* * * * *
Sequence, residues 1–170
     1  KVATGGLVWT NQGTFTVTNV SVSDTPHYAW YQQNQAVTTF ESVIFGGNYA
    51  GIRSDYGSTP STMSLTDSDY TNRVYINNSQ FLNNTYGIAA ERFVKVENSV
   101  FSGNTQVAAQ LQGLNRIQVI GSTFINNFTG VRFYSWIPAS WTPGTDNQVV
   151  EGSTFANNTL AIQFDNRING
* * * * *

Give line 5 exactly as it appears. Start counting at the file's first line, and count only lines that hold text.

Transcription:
   151  EGSTFANNTL AIQFDNRING